Many homebuilders look forward to “Inspection day” knowing that soon they will be moving into their new home. After your home is built, a home inspection will be conducted by an official home inspector. New homebuyers will benefit from using a professional home inspector during the construction and at the completion of their new home. Home buyers should also demand an inspection - even if the property is new.
The main thing is that you never want to just assume that your builder or contractors are overseen by state, local town or city government officials or that a city building inspector checks out all new houses. Further, there might be problems with the home that are not necessarily code violations, yet have could have serious consequences for the new home owner.
Home inspections may vary depending on your state and zip code, but this basic handy online *Total Home Inspection Checklist can printed out and used before your certified home inspector arrives, so you will know the kinds of things they will be looking for. After all, the inspection is how you can make sure your new home is a safe place to live, and a good investment for resale purposes.
All too often, home builders don't really understand what happens in a home inspection or what they need to do to get the most out of it. Find out what inspectors say are some of the key points relative to a new home inspection:
Don’t make the mistake of NOT having your new home inspected. Passing just the local codes and ordinances is not enough. Never assume that any builder or contractor -- did everything right just because the home passed code. The official certified new home inspector is critical to making sure there are no defects or issues that could affect your safety or financial future.
Choose a professional inspector. You're selecting a professional who will give one of your biggest investments. You want to choose someone you know who is competent, thorough and trustworthy. Never go with the cheapest inspector, and try to stay away from anyone recommended by a Realtor.
Do your homework and then interview a home inspector. You can find plenty of qualified inspectors online at websites such as Yelp, HomeAdvisor or Angie's List, Prior to the new home walkthrough, ask the inspector(s) that you have chosen about their licensing, and any professional affiliations and credentials, and also whether they have errors and omissions insurance. Last, make sure you are there during the home inspection. The written report you get from the inspector after the inspection will not give you as clear a picture of the condition of your home as if you also are there in person during the inspection.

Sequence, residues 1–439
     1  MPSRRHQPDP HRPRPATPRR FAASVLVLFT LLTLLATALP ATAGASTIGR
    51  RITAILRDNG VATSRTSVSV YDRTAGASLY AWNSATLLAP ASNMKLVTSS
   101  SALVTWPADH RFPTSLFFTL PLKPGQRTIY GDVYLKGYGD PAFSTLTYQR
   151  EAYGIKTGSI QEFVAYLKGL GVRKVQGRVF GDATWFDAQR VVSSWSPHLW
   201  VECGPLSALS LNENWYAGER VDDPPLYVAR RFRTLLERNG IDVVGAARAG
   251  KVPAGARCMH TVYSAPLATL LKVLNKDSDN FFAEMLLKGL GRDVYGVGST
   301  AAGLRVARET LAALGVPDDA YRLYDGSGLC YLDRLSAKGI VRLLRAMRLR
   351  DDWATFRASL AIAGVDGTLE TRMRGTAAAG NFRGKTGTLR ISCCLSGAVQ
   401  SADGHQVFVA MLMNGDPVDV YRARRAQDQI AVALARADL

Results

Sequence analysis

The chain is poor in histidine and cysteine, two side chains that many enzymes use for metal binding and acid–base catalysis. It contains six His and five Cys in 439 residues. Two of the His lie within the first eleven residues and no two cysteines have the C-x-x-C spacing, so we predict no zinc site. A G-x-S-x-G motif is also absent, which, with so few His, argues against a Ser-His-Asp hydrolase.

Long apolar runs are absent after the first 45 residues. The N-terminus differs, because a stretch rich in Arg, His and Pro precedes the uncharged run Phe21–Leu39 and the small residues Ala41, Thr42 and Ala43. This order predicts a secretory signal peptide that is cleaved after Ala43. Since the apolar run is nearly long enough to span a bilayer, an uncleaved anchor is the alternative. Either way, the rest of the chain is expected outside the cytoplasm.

Some people assume that the builder and contractors are overseen by state or local government officials and that the local town or city building inspector checks the house out. This is true to some degree, however, few if any municipal inspectors spend anywhere near enough time in the home to fully check it out. Further, there could be problems with the home that are not necessarily code violations, yet have serious consequences for the new home owner. Ask any private home inspector about the deficiencies and safety issues discovered in newly constructed homes.
The inspector usually performs the exterior wall and roof frame inspection, followed by the open wall or pre-drywall / pre-insulation inspection. Then this is followed by the final walk through inspection.
There may be time to come in afterwards if you as a home buyer has missed the opportunity to have an inspection during the construction phase or a final walk through. Keep in mind that new home builders offer a warranty period for new homeowners, but just understand that there are typically many items are not covered by the warranty. Some lenders often mandate a home inspection prior to loan approvals.
*Note: This checklist is for personal use only. It should not be used in place of an official home inspection. This list may not be comprehensive. Contact a qualified ASHI certified home inspector for an official inspection.